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Bebop Spoken There

Ambrose Akinmusire: “I love teaching, and I love the exchange. And I’m starting to accept my role as a mentor. That sounds weird to say. But I can’t avoid the fact that there are younger musicians who are watching me.” – (Down Beat September 2017).

Mike Gibbs: “Rehearsals are a chance for players to learn my degree of vagueness.” – (Jazzwise September 2017).

Archives

Thursday September 21

Afternoon
Vieux Carré Jazzmen - Holystone, Whitley Rd., nr. Newcastle NE27 0DA. 1:oopm. Free.
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Tees Valley Jazzmen - White Horse Hotel, Burtree Lane, Harrowgate Hill, Darlington DL1 3AD. 1:30pm. Free. 01325 463262.

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Evening.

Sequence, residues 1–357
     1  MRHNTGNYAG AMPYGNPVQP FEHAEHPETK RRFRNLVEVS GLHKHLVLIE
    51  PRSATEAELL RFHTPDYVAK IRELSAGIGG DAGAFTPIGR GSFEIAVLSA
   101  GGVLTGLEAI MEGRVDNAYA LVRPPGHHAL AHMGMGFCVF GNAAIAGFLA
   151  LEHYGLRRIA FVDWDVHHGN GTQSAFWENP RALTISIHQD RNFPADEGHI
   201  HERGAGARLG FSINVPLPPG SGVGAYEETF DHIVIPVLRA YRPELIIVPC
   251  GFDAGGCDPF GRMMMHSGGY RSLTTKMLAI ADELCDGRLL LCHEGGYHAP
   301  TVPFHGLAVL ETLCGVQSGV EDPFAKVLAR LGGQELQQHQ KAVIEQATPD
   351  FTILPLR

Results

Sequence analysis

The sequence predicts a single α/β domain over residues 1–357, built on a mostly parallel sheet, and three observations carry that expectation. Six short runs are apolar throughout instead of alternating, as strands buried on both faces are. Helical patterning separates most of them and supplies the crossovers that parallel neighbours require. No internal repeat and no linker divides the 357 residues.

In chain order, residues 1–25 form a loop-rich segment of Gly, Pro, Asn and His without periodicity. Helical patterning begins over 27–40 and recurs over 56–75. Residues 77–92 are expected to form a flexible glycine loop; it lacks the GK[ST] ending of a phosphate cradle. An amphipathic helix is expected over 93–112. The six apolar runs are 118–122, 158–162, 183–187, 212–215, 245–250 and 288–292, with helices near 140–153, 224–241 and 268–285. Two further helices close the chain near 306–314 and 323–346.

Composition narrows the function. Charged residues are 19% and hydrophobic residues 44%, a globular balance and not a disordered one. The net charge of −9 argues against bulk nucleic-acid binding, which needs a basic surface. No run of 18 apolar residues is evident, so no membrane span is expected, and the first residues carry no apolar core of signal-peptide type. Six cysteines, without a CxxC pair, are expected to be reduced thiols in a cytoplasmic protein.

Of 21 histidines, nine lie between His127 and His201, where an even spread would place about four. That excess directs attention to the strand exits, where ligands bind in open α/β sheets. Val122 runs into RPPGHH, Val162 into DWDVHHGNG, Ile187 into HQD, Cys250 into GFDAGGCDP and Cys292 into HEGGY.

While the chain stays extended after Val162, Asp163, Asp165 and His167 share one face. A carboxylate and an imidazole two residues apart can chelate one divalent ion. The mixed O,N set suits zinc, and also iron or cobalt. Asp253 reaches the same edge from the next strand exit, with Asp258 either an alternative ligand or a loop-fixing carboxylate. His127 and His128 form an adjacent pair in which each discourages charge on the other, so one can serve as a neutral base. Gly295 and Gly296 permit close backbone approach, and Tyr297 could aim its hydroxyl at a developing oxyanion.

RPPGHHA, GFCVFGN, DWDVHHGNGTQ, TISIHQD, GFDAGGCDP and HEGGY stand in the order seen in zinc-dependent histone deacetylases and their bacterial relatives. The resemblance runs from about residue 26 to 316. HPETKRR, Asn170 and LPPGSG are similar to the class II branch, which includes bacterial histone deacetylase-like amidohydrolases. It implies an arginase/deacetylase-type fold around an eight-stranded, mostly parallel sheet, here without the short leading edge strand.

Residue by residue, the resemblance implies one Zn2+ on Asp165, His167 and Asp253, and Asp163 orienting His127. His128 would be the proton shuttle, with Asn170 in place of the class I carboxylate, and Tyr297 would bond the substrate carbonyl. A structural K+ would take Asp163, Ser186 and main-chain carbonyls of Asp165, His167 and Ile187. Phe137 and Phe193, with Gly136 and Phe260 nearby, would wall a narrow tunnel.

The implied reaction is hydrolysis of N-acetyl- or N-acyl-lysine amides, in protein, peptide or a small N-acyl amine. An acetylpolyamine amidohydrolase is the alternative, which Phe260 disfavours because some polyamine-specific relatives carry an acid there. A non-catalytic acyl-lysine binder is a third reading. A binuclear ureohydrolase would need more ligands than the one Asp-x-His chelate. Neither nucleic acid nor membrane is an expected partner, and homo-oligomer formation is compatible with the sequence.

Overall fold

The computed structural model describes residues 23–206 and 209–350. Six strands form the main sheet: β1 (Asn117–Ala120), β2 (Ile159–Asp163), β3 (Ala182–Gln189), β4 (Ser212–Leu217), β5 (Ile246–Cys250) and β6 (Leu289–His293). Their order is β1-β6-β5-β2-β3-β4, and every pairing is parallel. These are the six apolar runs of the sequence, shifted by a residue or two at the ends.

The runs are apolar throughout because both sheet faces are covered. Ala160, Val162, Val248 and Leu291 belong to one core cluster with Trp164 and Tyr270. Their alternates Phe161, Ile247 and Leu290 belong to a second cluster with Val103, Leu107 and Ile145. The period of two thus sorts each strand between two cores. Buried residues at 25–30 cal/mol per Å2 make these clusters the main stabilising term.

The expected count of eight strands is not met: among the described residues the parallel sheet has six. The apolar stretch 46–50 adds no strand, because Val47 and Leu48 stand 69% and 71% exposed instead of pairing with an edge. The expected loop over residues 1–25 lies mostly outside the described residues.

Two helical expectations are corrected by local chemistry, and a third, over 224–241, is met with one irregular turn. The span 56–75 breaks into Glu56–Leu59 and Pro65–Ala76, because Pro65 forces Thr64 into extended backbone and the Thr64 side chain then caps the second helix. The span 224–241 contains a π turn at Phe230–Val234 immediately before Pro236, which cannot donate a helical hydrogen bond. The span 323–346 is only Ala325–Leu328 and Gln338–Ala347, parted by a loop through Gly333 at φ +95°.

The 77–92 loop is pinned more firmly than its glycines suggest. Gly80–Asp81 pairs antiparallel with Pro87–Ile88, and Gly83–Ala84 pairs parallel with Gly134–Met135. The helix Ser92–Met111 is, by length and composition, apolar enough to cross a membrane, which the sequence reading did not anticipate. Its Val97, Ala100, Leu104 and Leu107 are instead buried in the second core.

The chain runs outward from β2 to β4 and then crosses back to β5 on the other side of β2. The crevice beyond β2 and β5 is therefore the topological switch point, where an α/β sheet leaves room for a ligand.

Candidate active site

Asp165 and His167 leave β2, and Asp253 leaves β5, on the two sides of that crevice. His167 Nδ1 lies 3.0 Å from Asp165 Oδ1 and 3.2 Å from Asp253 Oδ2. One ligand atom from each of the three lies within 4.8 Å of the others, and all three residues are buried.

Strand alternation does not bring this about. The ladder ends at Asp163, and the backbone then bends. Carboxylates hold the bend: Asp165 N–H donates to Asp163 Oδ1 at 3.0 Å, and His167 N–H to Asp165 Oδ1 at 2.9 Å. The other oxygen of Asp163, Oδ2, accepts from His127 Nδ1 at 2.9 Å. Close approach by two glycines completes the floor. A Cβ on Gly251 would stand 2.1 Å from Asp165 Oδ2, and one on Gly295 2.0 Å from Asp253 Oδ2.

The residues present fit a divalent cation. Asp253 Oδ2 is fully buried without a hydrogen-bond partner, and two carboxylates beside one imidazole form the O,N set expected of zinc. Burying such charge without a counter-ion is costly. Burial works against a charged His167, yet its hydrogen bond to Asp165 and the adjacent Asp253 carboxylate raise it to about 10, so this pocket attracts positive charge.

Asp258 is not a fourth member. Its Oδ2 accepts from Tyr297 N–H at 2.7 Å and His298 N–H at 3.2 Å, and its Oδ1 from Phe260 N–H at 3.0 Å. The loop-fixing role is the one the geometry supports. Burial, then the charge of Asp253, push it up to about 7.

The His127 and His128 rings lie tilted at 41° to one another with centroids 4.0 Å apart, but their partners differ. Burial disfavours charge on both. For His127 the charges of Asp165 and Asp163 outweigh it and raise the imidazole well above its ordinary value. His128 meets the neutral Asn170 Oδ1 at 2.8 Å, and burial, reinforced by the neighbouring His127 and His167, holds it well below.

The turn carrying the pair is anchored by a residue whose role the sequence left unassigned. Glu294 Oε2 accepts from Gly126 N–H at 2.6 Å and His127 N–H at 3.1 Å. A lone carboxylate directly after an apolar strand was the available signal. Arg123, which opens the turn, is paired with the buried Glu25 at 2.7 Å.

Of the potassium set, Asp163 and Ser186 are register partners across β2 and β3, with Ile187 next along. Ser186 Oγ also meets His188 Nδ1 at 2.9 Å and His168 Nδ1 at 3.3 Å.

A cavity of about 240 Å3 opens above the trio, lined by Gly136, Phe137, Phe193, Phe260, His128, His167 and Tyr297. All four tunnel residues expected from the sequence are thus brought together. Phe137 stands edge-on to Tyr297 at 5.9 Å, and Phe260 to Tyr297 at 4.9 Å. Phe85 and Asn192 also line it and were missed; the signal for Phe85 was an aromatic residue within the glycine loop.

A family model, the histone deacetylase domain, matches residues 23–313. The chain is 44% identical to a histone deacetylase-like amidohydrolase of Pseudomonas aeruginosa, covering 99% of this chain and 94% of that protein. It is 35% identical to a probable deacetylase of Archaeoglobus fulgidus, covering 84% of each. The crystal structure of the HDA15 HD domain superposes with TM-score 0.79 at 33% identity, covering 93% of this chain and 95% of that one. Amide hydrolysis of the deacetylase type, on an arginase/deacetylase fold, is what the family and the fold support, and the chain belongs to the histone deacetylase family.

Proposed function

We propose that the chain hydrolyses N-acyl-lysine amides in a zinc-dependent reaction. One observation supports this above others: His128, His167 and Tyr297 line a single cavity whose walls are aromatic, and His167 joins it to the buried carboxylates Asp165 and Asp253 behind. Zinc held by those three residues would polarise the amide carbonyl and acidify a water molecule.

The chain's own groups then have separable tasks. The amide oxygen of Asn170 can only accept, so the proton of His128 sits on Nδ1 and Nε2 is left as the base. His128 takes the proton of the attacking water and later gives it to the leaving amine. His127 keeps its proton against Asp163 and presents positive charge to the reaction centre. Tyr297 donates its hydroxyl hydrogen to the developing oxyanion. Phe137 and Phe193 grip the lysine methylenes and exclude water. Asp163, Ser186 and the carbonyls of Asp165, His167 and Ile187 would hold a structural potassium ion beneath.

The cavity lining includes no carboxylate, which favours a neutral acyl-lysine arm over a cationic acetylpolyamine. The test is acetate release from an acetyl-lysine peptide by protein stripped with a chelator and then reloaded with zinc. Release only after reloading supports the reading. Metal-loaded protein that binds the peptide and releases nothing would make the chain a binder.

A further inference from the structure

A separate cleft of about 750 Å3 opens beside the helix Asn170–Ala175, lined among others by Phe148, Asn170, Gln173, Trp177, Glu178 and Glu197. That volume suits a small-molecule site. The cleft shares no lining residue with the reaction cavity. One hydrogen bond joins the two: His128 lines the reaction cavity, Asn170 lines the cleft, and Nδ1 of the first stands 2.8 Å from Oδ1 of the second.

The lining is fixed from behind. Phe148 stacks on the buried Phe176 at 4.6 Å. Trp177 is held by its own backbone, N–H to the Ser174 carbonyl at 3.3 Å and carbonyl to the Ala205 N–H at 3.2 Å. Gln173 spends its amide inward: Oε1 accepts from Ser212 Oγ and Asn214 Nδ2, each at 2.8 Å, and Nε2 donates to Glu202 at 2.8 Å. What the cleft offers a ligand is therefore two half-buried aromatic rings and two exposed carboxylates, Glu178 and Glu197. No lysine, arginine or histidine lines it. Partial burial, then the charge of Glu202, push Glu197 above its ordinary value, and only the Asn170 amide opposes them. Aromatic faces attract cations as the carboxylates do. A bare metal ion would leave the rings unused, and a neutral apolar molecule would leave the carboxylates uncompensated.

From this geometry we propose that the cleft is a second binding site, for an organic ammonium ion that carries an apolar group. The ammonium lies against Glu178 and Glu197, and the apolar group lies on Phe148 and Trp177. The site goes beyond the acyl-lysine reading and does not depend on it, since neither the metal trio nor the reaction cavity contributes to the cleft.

Maine Street Jazzmen - Potter's Wheel, Sunniside NE16 5EE. 8:30pm. Free.
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Courtney Pine: Black Notes from the Deep - Sage Gateshead NE8 2JR. 7:30pm. £25.60. 0191 4434661.
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Katie Mac (w. 6 piece band) - The Globe, 11 Railway St., Newcastle NE4 7AD. 7:30pm. Free.
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Emma Fisk & James Birkett - St. Cuthbert's Church, Shadforth DH6 1LF. 7:30pm.
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Pocket Jazz Orchestra: Jazz & Tapas - No. 60, Arc, Dovecote St., Stockton TS18 1LL. 7pm. £10.
Tees Hot Club w. Alan Marshall (saxes); Kevin Eland (trumpet); Ted Pearce (keys) - Dormans, Oxford Rd., Middlesbrough TS5 5DT. 9pm. Free.